5 cybersecurity predictions as uncertain threat environment persists
By Flint Brenton, CEO, Centrify
Obviously, 2020 was not a typical year. Both our personal and professional lives were defined by uncertainty, and the ability to be flexible and adapt to new circumstances was critical for success during the pandemic.
That uncertainty is likely to continue. While on the one hand that does make predicting what’s to come for cybersecurity murkier than usual, one thing that is clear is that threat actors have been taking advantage and will continue to ramp up their efforts this year.
Below are five trends and predictions I believe will dominate headlines and be top of mind for every organization (and hacker) for the remainder of 2021.
With the exponential increase in machine identities, DevOps pipelines and machine identities will become the attack surfaces of choice
As companies look to adopt new technologies, tools, and methodologies to enhance the DevOps process, applications, virtual machines, microservices, and workloads represent exponentially-growing machine identities that now need to be protected.
Add in the challenge of development, operations, and security teams working remotely, and organizations are much more likely to experience a cyber-attack in the DevOps pipeline.
With remote working expected to be a reality for some time and credential-based attacks on the rise, organizations need to adopt a centralized privileged access management (PAM) strategy to minimize attack surfaces. PAM solutions that evolve modern password management approaches with federation, ephemeral tokens, and delegated machine credentials can help DevOps teams secure all identities, even in distributed environments.
Messaging and video conferencing platforms will become catalysts for the next wave of phishing attacks
Without in-person interactions, we are more reliant upon digital communication methods than ever. Furthermore, we’re using more of them and in ways we didn’t prior to the pandemic, such as turning on video during conference calling.
As organizations continue to work remotely and rely on video conferencing and messaging platforms for daily correspondence among team members, cybercriminals will creatively leverage the range of ways we connect in a remote world.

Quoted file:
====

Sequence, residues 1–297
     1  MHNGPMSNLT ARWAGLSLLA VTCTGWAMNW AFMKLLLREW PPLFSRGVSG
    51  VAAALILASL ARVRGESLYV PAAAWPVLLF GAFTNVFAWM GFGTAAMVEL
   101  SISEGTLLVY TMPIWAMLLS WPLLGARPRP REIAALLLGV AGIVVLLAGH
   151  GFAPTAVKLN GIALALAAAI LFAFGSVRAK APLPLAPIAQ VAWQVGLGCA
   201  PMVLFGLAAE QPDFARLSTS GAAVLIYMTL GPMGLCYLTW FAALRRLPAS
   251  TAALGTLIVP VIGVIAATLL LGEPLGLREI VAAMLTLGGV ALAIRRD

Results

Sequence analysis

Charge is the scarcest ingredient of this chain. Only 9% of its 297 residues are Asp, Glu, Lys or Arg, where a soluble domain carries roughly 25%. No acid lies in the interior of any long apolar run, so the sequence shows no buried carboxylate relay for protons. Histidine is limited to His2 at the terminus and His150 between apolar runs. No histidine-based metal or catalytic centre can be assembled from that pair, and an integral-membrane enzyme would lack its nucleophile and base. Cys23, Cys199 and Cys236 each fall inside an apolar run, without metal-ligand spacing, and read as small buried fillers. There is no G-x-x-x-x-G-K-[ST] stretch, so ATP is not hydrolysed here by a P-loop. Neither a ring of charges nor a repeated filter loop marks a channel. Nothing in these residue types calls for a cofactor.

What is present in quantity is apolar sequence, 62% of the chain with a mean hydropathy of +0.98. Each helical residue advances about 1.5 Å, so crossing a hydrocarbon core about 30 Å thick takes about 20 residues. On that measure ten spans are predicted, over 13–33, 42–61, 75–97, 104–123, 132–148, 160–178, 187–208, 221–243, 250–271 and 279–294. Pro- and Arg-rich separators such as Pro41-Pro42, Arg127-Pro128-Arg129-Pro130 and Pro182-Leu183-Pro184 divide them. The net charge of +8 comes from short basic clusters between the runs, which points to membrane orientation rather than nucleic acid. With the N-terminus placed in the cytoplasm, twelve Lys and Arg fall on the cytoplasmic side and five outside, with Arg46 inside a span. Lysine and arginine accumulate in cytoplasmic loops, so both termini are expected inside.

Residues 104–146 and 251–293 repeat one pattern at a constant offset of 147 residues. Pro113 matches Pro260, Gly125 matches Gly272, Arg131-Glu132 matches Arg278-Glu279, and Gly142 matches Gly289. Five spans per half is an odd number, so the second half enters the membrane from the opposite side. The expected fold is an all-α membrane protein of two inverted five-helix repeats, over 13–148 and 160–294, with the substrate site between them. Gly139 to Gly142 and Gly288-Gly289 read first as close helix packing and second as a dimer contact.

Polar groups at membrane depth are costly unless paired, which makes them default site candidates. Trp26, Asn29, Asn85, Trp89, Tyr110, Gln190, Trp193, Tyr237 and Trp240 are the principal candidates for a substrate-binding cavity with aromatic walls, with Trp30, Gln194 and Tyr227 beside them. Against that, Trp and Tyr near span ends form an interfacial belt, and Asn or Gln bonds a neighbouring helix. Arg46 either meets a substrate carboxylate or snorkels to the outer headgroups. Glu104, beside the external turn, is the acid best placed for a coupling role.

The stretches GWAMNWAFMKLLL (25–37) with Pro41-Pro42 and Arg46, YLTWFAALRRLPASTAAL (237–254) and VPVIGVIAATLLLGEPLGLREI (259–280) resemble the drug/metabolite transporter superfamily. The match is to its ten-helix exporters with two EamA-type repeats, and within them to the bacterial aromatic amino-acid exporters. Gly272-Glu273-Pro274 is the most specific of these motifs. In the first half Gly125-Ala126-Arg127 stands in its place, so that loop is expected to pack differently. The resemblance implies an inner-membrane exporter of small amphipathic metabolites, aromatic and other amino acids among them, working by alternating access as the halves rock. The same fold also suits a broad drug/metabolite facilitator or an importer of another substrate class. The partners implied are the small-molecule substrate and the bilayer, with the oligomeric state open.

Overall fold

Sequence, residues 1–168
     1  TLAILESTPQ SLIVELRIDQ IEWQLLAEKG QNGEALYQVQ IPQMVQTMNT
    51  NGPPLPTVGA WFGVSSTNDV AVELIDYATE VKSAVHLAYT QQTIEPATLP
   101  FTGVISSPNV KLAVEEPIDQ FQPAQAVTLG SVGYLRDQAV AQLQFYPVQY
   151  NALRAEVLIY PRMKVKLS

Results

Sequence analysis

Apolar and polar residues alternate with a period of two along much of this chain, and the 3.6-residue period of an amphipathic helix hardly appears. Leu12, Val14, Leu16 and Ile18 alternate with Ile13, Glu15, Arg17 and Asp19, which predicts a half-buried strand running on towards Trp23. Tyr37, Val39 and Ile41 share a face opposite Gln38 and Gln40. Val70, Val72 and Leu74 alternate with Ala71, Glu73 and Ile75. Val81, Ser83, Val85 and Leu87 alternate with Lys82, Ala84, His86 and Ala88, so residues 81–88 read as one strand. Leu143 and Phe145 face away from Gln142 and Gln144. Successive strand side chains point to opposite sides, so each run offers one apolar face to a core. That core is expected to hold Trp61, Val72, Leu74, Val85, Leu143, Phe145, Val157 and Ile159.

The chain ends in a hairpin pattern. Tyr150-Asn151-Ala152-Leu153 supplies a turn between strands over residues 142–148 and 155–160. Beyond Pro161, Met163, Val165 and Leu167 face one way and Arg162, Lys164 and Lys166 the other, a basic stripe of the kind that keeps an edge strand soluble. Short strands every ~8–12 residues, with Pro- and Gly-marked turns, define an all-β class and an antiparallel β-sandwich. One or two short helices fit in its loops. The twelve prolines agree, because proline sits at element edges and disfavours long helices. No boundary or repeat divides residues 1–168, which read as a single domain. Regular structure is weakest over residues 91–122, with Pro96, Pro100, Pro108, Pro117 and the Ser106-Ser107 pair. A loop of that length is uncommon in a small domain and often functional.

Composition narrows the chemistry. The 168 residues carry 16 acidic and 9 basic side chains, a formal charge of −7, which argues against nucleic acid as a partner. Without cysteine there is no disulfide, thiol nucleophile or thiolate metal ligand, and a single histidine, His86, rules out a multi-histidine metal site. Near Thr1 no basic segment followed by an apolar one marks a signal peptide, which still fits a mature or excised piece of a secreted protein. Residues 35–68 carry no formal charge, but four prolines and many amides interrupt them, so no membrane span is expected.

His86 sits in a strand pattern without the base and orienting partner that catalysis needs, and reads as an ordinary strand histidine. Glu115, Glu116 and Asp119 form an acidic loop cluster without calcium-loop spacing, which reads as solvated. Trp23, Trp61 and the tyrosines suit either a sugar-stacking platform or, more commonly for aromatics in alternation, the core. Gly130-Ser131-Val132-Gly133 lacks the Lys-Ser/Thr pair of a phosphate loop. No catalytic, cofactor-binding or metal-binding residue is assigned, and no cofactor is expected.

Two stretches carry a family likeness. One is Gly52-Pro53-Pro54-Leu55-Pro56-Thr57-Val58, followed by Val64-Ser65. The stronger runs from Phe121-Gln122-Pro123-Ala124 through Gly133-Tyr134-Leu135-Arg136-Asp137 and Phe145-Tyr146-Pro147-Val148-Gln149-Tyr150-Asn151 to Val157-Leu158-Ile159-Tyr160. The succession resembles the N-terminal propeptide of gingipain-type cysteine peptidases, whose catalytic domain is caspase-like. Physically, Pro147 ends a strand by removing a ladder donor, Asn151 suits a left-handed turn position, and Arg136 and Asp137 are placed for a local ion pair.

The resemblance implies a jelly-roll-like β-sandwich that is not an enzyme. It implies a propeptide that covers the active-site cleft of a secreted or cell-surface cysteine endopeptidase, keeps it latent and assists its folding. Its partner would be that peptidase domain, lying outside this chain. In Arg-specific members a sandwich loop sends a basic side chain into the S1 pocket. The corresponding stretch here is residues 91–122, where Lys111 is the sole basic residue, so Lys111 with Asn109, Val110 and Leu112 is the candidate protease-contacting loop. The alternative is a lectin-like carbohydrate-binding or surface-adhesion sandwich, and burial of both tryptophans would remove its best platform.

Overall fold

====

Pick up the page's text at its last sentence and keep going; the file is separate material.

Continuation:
From video conferencing platforms to messaging apps, these channels keep us virtually connected to our colleagues but leave substantial room for cyberattacks. As we grow accustomed to communicating digitally in real time, we will see a rise in cybercriminals utilizing employee accounts to conduct phishing attacks, potentially even including spear phishing by video (e.g. using “deep fake” technology) and spear phishing on third-party messaging platforms.
Prevention for this new, opportunistic wave of phishing goes beyond training and vigilance. Organizations should plan ahead by requiring multi-factor authentication (MFA) wherever possible to create more certainty that the person using the username and password is who they claim to be.
Intellectual property will be hackers’ next golden ticket
In 2020, we saw a rise in healthcare breaches, likely because patient records often fetch up to $1,000 each. Compared to credit card data, which goes for just $12-20, and email addresses, which average around $100 in bulk, it makes complete financial sense.
But during the COVID-19 pandemic, an alarming trend emerged of cyber adversaries targeting intellectual property such as vaccine research, including Russia’s APT29 going after research centers in the U.K., U.S., and Canada. With countries and companies around the world competing to quickly distribute their vaccines, we believe hackers and possibly even insiders will begin releasing the fruits of their malicious efforts on the Dark Web in 2021 — for a premium fee of tens, if not hundreds of thousands of dollars.